By LANCE AVERY MORGAN
It’s good to be Edward Burns these days. The actor/director/producer triple threat has just released his newest film, “The Fitzgerald Family Christmas” and it looks to be a new holiday must-see classic for the ages.
Burns returns to familiar territory from his filmmaker beginnings. He set the film world on fire when he shot the character-based “The Brothers McMullan” for $25,000 in the mid 90’s. Quickly followed by “She’s The One” and a slew of other films, he also had time to star in “Will & Grace” and play himself on several seasons of the Hollywood send up, “Entourage,” which widened his fan base.
Recently he has appeared in “Man on A Ledge”, “Newlyweds” and “Friends With Kids,” all of which garnered favorable reviews. Of course, we all know he’s married to supermodel Christy Turlington Burns and they now have two children, Grace and Finn.
Burns and I caught up to learn more about “The Fitzgerald Family Christmas” and the always-authentic Burns, who was quick to share how disappointed he was not to have participated in the screening of it recently at the Austin Film Festival, a week-long gathering devoted to writers and directors, as well as actors. Some of that conversation is below…
Lance Avery Morgan: Congrats on the new film, Ed. I understand Tyler Perry encouraged you to make this when you were working together – it is a return after 15 years of your family-driven films. Tell me about that journey.
Edward Burns: The reason I stayed away from it so long was that Number One, my life had changed so dramatically and making “Sidewalks of New York” and “Purple Violets” reflected that. Number Two, I was concerned to see if I could I write about that original place anymore with authenticity any. I was happy to discover I COULD write that with great ease.
It usually takes me three to six months to write a screenplay. “The Fitzgerald Family Christmas” poured out of me in about six weeks. I didn’t have to think about the character’s motivation – who they were. I heard each voice, which can be a challenge to do, but this time it was not.
LAM: What was it like working with your former cast – since filmmaking can be like a family situation of sorts?
EB: You’re right, it can be. This was like a family reunion to gather all the cast members from each of the 10 films I’ve made. We’ve known each other for over fifteen years and I’ve worked with them because they were friends. We all like one another and we want to work the same way. There were no egos and it was very collaborative. I encourage actors to improvise… which makes for a great time on set.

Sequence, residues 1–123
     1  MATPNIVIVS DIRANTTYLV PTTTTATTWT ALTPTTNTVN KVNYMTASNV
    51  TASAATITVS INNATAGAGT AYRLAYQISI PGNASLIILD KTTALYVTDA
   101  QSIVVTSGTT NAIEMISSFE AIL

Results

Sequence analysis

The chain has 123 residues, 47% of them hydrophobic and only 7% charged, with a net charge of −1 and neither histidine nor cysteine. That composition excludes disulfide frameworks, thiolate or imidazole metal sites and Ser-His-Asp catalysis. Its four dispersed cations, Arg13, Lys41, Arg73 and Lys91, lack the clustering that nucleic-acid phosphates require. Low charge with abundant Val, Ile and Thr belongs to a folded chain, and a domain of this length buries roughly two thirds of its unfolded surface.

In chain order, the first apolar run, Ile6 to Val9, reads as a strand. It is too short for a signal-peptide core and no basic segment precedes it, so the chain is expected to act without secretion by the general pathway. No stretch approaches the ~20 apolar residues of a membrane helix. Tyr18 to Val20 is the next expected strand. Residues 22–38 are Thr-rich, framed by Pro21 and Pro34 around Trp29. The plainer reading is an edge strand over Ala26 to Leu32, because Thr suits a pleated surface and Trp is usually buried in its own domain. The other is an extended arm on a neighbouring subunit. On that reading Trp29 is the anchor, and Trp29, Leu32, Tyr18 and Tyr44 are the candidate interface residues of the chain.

LAM: Christmas seems to give rise to family situations coming to the surface –it is also like that in your film…
EB: I wanted to look at a big Irish family –and look at the seven siblings as adults. The device to get them under one roof for looking back and forward was Christmas. At that time of the year there is always the pressure to get along and have fun. Big announcements are often made at that time, too. Plus with siblings, the pecking order is reestablished. I have friends from large families who have told me stories over the years about their families, and the mini-families that are formed within them. Each mini family of sibling sets has different perspectives on their parents.
LAM: It was great to see Connie Britton in your film since she was in your earlier films. She’s really skyrocketed with “Friday Night Lights” and “Nashville” hasn’t she?
EB: Connie’s so great. It was it fun to team up professionally again. We’ve remained good friends and we have worked together since the first film. When I had the idea of her as my love interest, my wife said, ‘That’s a great idea’ since they have been great friends, too.
I’ll never forget when I first had auditions for “The Brothers McMullan” and based on the actors I first saw, I was terrified that either I didn’t write it well or there were no good actors. Then Connie came in and she’s so good and got that role.
LAM: Your films all have a unique East Coast style to them, especially in “The Fitzgerald Family Christmas” – can you let me know what that style means to you?
EB: Environment is where I start when writing. Like with this film about seven adult siblings, I had to start with ‘where do they come from?’ Their neighborhood is very clearly defined. They are not towns. They are neighborhoods.
LAM: Ed, you really capture it so that the neighborhoods become a character. So, last question, who was your greatest filmmaking inspiration you had starting out? Spielberg had Capra, for instance, so from where did you get your filmmaking point of view?
EB: Woody Allen for sure. I wanted to make small, dialogue-driven movies, like he did, set in New York and also, very personal ones. My first love is being writer/director. Films are my passion and they are all I’ve been thinking about for 25 years. I’ve never dreamed of making a blockbuster.